What I am about to quote from a book titled, "The Apostle Paul and the Christian Life: Ethical and Missional Implications of the New Perspective" Edited by Scot McKnight & Joseph B. Modica I have never heard preached or taught in any of the churches I have attended in the 46 years I have been a Christian. I consider this quote to be good solid biblical gospel preaching-
"The Holy Spirit-the Spirit of God (1 Cor.3:16) and the Spirit of Jesus (Phil.1:19)-is a presence of God among God's people, the agent of God's working in the church, as I've indicated above. The Spirit baptizes believers into Christ, uniting them intimately with Christ both in his death and in his resurrection into the reality of new-creation life. At least three aspects of the Spirit's action upon God's people are crucial for understanding Paul's conception of the Christian life, the latter two of which I will elucidate further in the remainder of this chapter.
First, the Spirit is the eschatological presence of God that had been promised by the prophets-the very presence of God's life-giving Spirit poured out on God's people in the coming age. That eschatological age has arrived, then, in the church-and in individual churches. The Spirit animates and brings to God's people the life of the future coming age. For Paul, believers are the ones "on whom the end of the ages have come" (1 Cor.10:11). In other letters, Paul imagines that his churches already inhabit that future reality called "the kingdom of God" (Col.1:13. Rom.14:17). Jesus-following communities experience this together, enjoying God's own presence among them in Christ by the Spirit. The identity of God's people is that they are the new-creation people of God-that eschatological reality for which the people of God had been looking (2 Cor.5:17). The church participates by the Spirit in the new humanity (Eph. 4:24; Rom.6:4).
It is not only the power of that coming age that has arrived among God's people, but the multinational, multiethnic reality the prophets expected is also present. That is, Jews and non-Jews are being united together in one new people in Christ (Gal. 3:28). All who are in Christ are now constituted as "God's people."
Second, churches baptized into Christ by the Spirit have their existence "in Christ." The union of church communities with God is so intimate that the corporate life of church communities is said to take place within God, within Christ (Col.3:3; Gal.2:20). Their identity is as full participants in that coming world over which Jesus already reigns by virtue of his resurrection and ascension (Eph. 1:3; 2:6; Phil.3:20). Not only do believers have their existence within Christ, within God, but God in Christ dwells among them, as mentioned previously. Paul develops this at length in 1 Corinthians with his discussion of the church as God's new temple (1 Cor. 3:16-17). God's dwelling among the Corinthian church has massive implications for their corporate life together.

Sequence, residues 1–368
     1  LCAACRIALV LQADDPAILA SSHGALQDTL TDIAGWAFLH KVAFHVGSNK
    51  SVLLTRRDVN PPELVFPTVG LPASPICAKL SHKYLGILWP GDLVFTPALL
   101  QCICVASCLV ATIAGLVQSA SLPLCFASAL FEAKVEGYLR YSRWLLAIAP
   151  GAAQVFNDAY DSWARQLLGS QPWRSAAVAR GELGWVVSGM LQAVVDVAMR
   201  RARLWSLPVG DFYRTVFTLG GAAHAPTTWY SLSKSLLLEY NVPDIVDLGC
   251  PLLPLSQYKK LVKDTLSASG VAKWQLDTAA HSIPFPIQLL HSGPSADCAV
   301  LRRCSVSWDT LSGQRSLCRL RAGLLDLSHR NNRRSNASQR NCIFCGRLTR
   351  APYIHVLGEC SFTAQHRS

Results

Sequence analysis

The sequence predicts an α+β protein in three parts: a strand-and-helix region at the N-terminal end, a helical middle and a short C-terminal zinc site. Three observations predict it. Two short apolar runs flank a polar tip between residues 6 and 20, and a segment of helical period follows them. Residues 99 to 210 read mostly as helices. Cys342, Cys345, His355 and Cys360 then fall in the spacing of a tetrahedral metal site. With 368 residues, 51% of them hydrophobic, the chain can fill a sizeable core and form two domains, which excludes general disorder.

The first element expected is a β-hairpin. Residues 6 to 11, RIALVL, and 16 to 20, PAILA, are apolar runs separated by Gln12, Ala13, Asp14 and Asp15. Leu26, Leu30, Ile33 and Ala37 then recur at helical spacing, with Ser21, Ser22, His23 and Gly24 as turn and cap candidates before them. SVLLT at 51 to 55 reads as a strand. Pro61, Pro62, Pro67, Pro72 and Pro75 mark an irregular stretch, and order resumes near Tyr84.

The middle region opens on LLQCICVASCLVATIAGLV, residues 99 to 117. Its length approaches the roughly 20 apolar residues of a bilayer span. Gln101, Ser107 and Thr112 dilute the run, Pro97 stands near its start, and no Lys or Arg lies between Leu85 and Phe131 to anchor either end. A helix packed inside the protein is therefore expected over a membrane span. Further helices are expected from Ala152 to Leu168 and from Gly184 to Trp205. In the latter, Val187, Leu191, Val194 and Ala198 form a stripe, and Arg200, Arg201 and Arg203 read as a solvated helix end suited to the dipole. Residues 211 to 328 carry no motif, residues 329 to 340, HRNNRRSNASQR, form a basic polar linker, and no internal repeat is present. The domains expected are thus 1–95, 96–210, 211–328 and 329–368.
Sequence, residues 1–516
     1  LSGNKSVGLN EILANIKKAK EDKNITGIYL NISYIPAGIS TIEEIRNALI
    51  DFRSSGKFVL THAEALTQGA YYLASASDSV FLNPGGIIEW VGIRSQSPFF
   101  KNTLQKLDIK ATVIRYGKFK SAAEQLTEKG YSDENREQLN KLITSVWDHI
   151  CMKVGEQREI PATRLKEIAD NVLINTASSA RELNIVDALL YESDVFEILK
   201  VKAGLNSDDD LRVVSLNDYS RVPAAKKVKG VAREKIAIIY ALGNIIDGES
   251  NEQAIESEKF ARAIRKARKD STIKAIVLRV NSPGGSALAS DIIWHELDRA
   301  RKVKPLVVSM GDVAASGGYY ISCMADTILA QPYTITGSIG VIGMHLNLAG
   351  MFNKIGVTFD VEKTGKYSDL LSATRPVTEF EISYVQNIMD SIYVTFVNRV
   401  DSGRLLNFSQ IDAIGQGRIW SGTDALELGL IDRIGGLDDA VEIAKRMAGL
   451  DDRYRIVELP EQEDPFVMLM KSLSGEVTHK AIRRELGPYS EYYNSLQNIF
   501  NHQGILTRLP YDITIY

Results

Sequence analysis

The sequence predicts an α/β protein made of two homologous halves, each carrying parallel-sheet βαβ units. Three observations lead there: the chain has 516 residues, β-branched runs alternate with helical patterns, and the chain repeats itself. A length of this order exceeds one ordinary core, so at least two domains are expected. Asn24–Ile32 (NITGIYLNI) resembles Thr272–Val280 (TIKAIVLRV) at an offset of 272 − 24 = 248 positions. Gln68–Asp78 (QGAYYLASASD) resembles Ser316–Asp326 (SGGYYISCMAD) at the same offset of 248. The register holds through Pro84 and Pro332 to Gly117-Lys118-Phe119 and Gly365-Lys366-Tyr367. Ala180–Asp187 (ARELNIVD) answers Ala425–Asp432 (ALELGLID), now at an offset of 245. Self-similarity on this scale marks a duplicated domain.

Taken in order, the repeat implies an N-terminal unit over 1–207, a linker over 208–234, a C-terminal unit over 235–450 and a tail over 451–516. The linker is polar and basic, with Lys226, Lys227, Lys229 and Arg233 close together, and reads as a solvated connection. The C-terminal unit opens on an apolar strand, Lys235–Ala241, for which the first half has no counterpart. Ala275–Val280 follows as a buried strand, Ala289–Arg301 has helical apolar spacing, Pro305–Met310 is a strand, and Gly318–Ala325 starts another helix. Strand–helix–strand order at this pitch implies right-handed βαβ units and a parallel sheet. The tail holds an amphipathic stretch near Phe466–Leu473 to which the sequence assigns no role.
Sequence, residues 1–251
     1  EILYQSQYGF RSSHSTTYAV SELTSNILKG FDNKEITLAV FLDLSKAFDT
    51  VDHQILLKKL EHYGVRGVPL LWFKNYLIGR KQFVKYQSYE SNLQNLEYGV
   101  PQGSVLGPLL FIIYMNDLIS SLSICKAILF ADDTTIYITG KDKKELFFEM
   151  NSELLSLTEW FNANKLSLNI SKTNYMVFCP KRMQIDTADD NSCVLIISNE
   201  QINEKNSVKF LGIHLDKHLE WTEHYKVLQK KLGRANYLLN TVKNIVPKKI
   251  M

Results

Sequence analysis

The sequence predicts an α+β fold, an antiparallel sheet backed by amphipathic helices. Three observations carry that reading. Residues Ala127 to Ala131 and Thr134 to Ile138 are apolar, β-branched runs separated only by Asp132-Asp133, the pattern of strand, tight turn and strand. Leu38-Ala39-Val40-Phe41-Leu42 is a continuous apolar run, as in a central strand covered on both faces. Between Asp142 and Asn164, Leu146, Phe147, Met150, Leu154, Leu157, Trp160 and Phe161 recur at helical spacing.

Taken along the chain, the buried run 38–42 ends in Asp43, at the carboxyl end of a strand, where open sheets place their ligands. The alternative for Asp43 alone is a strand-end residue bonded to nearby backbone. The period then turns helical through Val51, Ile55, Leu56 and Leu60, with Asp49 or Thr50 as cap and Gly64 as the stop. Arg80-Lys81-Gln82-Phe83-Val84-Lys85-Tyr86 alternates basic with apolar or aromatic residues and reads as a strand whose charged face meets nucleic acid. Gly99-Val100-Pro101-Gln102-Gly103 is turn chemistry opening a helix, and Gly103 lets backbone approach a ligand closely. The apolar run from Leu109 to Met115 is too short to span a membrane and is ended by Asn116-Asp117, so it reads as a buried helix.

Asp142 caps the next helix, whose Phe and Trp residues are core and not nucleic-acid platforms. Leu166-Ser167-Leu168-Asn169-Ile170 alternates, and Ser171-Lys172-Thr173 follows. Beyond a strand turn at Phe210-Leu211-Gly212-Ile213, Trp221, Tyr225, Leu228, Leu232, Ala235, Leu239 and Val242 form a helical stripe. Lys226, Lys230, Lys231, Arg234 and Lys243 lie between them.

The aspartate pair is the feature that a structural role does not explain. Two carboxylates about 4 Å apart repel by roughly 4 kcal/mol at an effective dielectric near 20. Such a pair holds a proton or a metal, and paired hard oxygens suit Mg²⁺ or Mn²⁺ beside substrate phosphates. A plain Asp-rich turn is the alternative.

Third, because the Spirit intimately unites believers to Christ, believers are vitally connected to the church and to one another. Paul uses the metaphor of "the body of Christ" in several places (Rom. 7:4; 12:5; 1 Cor.10:16;12:12) with a variety of meanings. We partake vitally of Jesus himself, but also of the church as his body. The Spirit unities all believers to one another so that church communities are "one body," connected to one another as intimately as a person's physical arms, hands, and fingers (1 Cor.12:12-27). Paul refers to the union of believers to God and to one another in Ephesians 2:16, seeing the work of Christ as one move-our reconciliation to God is simultaneous with our reconciliation to one another. Believers are, in fact, "members of one another" (Eph. 4:25).
For Paul, then, the baptism of believers into Christ means that they have their very existence in God and that they are vitally connected to one another. By virtue of their union with Christ, they participate in the new-creation people of God by the Spirit, and they participate in the very life of God himself. Paul counsels his churches through a creative theological vision that sees Christian existence through these twin lenses. . ." pg.110-112 from a essay by Timothy G. Gombis titled 'Participation in the New-Creation people of God in Christ by the Spirit' located in the book "The Apostle Paul and the Christian Life" by McKnight & Modica